Santa Monica's police chief took a knee alongside peaceful protesters Thursday. (Matthew Hall)

The Santa Monica Police Department tweeted Thursday morning that they do not plan on issuing a curfew tonight after five consecutive days of curfews that ranged from the early afternoon to the late evening.

SMPD said the decision is in accordance with the Los Angeles County Sheriff’s Department choosing to lift the curfew countywide. Many have criticized the curfews for giving law enforcement power to use weapons such as tear gas and less-than-lethal ammunition to stop peaceful demonstrations and arrest protesters.

Sheriff Alex Villanueva said curfews were no longer necessary because recent protests have been peaceful. On Wednesday, the American Civil Liberties Union filed a lawsuit against the county and city of Los Angeles on the grounds that the curfews had infringed on the public’s constitutional right to protest.

“Based upon current situational awareness and the recent pattern of peaceful actions by protesters, the Los Angeles County Sheriff’s Department will no longer enforce a curfew,” Villanueva wrote in a statement.

In Santa Monica, a peaceful protest began at 9 a.m. on Main Street with members of the City Council, Interim City Manager Lane Dilg and Chief of Police Cynthia Renaud in attendance. Hundreds of protesters calling for racial justice marched through the city, passing by City Hall.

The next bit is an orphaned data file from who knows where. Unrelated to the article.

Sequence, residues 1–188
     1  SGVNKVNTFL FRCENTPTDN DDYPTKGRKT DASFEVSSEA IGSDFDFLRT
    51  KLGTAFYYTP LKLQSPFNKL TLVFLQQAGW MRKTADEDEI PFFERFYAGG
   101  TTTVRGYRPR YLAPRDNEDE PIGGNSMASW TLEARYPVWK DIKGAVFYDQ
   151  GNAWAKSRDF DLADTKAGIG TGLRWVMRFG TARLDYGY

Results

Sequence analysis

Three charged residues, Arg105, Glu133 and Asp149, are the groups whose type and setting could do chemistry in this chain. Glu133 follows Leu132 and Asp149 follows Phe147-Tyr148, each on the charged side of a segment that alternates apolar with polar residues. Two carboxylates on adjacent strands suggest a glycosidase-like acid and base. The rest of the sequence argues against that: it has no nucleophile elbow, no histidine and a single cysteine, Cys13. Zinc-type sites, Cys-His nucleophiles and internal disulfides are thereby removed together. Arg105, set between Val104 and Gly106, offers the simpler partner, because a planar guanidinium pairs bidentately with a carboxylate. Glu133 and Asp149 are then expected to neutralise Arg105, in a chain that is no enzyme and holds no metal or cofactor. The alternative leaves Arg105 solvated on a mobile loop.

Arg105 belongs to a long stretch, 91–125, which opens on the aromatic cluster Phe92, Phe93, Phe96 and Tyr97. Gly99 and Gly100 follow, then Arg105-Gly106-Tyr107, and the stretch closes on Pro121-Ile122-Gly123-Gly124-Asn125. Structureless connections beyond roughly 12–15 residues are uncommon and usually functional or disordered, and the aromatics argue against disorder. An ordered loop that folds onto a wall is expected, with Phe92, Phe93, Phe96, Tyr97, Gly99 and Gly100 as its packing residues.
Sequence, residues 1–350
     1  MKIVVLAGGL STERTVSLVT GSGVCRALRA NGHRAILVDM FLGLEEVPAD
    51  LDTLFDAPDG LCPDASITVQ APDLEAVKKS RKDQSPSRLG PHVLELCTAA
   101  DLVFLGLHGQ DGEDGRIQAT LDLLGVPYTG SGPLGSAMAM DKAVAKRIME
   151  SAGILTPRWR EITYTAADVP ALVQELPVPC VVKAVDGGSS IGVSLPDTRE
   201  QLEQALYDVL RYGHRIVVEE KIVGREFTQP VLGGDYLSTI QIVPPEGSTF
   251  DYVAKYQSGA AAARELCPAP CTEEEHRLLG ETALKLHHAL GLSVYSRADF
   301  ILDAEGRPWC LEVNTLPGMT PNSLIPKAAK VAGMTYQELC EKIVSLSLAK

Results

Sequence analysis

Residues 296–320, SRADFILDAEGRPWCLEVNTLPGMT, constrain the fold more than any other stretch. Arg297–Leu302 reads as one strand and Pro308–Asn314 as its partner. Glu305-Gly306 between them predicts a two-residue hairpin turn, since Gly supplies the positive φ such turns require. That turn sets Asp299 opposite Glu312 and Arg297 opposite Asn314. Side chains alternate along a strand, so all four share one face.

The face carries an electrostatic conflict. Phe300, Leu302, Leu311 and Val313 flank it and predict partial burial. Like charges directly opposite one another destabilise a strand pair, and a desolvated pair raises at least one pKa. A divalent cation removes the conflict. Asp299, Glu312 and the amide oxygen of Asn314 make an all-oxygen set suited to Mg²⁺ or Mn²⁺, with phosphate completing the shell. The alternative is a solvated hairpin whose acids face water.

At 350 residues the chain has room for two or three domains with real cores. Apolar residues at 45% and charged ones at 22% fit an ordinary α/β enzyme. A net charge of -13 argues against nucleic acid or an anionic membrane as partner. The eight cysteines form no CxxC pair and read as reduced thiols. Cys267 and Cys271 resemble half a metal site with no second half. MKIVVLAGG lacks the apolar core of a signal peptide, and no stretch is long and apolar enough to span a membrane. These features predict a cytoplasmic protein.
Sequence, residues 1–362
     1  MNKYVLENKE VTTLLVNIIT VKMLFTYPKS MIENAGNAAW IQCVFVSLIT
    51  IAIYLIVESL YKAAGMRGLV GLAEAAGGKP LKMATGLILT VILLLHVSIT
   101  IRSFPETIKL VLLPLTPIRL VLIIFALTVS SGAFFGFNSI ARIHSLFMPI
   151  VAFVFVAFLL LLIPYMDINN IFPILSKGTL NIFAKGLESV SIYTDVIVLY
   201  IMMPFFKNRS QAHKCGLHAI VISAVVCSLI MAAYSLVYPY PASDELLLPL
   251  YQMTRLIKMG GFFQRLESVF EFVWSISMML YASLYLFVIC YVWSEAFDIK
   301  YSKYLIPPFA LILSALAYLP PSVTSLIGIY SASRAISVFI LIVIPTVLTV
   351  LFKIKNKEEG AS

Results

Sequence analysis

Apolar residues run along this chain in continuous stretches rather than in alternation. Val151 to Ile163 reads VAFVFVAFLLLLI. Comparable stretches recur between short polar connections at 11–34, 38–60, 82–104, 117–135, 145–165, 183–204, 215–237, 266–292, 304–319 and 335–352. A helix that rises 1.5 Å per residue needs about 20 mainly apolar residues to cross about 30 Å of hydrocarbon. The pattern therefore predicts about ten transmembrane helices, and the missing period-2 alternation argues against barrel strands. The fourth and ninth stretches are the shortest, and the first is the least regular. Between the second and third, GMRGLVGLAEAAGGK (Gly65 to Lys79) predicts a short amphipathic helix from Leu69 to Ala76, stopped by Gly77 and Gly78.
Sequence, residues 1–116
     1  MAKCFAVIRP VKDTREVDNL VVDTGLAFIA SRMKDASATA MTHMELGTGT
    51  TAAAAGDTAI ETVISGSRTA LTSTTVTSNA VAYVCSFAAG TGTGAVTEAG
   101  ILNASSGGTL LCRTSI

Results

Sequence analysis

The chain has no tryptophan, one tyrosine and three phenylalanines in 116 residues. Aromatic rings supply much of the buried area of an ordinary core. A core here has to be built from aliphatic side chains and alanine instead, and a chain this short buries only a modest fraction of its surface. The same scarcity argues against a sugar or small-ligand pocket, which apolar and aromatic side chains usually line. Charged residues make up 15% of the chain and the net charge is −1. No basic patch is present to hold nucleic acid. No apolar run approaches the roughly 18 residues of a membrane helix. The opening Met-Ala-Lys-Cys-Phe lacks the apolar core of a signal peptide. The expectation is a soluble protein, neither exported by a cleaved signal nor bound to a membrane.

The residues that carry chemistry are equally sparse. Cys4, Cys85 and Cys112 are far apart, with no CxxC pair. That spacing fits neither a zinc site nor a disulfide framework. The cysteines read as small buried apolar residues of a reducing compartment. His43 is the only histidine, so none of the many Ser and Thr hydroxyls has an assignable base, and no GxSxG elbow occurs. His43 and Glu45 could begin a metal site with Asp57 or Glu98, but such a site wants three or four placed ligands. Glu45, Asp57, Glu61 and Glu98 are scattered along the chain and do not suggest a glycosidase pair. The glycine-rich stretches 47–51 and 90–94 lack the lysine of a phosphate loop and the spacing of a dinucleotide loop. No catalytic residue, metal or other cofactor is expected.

The protest marks the first local direct action since Sunday, when looters used large protests as cover to break into hundreds of stores downtown and on Main Street.

Renaud took a knee with a group of protesters at the Ocean Park Branch Library. Santa Monica resident Jess Harbeck was next to the chief and the two had a brief conversation. 

Harbeck said she has been part of protests every day in the past week and she wanted to march in Santa Monica to bring the attention to the local community. 

“I feel it’s important to bring this to white communities and Santa Monica is a very, very white community and it’s time for white people to feel an ounce of the pain that black people are going through every day of their lives,” she said. 

Harbeck, who works as a professional stuntwoman, said she supported the chief as a woman in a male-dominated field but wanted to talk to her about de-escalation tactics following Harbeck’s experience protesting in Santa Monica on Sunday. 

“Women lead with empathy and I want her to use that empathy and do what they’re doing today with these protesters to not allow what happened Sunday to ever happen again,” she said. 

On Sunday, police officers used tear gas and rubber bullets to disperse protesters near the Santa Monica Pier. 

As of 11 a.m. on Thursday, the protest remained peaceful and police officers were escorting protesters along city streets while closing side streets to prevent cross traffic.

Other protests are planned Thursday throughout Los Angeles County, including in Hollywood and at UCLA.

The downtown Santa Monica Farmers Market will close Saturday in anticipation of more protests, city officials said Thursday morning.

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